Open RAN tested for digital battle network by AT&T, Fujitsu and Northrop Grumman

Northrop Grumman, which opened a 5G lab in San Diego last year, is now testing 5G private wireless and open RAN with AT&T and Fujitsu.

“We demonstrated a 5G open RAN core in a closed system in a lab,” explained Lance Spencer, client executive vice president – defense, AT&T. He said the team is conducting additional experiments with the goal of scaling the system, which is being used to transmit intelligence, surveillance and reconnaissance data over 5G. Spencer said connected IoT devices were not part of the demo.

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“Enabling 5G connectivity for our warfighters across domains will help realize a connected battlespace for the joint force,” said Northrop Grumman’s Ben Davies, vice president and general manager, networked information solutions division, in a statement. He said his company is working with AT&T to “bring together the high speeds, low latency and cybersecurity protections of private 5G networks with the flexibility and scalability of commercial 5G capabilities.”

The contractor explained that its 5G systems are meant to support multi-domain operations (MDO), a military term for presenting an enemy with a number of independent threats simultaneously. According to Northrop Grumman, 5G networks can help the military deploy new capabilities, make decisions faster, and respond more quickly to adversaries.

AT&T’s Spencer described the demonstration as spectrum agnostic. “We believe it is in the Department of Defense (DoD)’s interests to use commercially licensed spectrum to the greatest extent possible,” he said. “Commercial spectrum can provide DoD robust, reliable and resilient network access, simplified delivery, and agility and scalability characteristics that are unavailable via other spectrum approaches."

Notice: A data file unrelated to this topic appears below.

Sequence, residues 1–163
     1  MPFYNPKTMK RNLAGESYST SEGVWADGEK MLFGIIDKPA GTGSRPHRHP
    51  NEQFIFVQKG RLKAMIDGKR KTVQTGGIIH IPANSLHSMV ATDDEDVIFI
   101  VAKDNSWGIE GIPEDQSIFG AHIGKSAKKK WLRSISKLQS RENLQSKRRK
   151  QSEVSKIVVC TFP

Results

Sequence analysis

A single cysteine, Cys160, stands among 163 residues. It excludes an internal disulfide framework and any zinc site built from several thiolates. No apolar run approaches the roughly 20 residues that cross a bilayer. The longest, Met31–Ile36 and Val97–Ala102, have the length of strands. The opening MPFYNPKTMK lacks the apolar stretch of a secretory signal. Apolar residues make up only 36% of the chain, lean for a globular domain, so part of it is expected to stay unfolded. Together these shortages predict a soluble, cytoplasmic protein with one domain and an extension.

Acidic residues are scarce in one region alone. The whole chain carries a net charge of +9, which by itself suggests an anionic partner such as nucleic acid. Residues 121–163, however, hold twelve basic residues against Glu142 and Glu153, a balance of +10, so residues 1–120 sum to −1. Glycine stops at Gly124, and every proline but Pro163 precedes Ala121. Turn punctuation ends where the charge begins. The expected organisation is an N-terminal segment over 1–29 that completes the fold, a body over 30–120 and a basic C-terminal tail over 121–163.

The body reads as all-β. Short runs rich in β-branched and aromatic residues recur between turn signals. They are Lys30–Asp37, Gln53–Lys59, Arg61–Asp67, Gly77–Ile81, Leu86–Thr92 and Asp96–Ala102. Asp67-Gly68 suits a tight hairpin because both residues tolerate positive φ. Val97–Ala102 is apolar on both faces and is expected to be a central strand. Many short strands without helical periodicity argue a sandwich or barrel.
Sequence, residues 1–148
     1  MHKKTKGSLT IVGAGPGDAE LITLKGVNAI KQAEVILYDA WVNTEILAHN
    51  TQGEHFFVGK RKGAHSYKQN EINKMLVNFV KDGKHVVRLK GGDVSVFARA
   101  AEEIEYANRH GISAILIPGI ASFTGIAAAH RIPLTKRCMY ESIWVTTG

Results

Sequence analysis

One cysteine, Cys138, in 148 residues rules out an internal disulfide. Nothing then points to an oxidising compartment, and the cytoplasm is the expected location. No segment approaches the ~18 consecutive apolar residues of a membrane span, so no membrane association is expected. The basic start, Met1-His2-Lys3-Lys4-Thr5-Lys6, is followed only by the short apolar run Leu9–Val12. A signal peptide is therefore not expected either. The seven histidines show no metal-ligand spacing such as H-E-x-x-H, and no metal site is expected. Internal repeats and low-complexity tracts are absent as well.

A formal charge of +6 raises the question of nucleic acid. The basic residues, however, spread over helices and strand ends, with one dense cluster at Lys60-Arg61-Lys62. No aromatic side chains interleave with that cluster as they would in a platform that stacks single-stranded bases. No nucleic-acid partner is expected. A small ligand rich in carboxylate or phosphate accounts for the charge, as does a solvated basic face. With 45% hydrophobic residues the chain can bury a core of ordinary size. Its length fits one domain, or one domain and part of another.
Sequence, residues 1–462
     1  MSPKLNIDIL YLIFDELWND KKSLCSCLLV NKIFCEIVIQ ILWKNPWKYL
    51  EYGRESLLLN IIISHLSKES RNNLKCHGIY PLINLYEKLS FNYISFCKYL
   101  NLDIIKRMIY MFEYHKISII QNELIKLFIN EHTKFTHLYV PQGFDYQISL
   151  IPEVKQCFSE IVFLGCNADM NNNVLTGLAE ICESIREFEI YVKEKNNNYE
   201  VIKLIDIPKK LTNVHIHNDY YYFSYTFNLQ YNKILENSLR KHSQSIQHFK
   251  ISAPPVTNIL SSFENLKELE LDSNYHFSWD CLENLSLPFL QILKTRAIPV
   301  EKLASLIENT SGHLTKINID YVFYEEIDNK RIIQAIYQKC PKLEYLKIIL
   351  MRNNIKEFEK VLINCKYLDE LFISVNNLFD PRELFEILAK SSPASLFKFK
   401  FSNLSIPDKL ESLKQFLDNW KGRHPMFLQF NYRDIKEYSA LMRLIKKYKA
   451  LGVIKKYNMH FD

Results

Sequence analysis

Last year Northrop Grumman and AT&T agreed to collaborate on research and development to build a digital battle network using AT&T’s commercial 5G network and some of the defense contractor's military technology. 

"This demonstration showcased the benefits of commercially available 5G for the DoD and the open, standards-based technologies that we’re exploring and developing as leaders in the O-RAN Alliance,” said Spencer. AT&T is a founding member of the O-RAN Alliance.

Prioritizing open RAN

“The DoD has shown considerable interest in open RAN, and we want to be among the leaders to innovate with it to ultimately deliver the advanced capabilities DoD requires,” said AT&T’s Spencer. He said the demo integrated open RAN compliant Fujitsu radios with Northrop Grumman’s tactical data links. “We are conducting additional experiments with other open RAN-compliant equipment,” Spencer added.

The DoD was named by the National Spectrum Consortium (NSC) as a driver of the industry group’s recent call for whitepapers requesting ideas on how to accelerate the development of open RAN. In a statement announcing its collaboration with the NSC, the DoD argued that open RAN architectures represent “a sustainable model for accelerating critical 5G innovation while spurring the growth of domestic supply chains based on trusted and secure vendors.” 

In addition, the DoD is collaborating with NTIA on its 5G Challenge, which will give prize funds to companies that advance 5G interoperability.

The agencies have already held a preliminary award event for companies that could successfully integrate hardware and software for open RAN central units, distributed units and/or radio units, with separate awards given to those that could  integrate multiple vendor subsystems and identify interdependencies and any potential risks in their software bills of materials. Awards were made to Radisys ($600,000), Mavenir ($550,000), Capgemini ($400,000), Fujitsu ($150,000) and Signal System Management ($150,000).

Radisys, the biggest winner in the 5G Challenge preliminary event, has worked with  defense contractor Lockheed Martin, using open RAN 5G software  to  advance integrated access backhaul to support mission critical communications for aerospace and defense.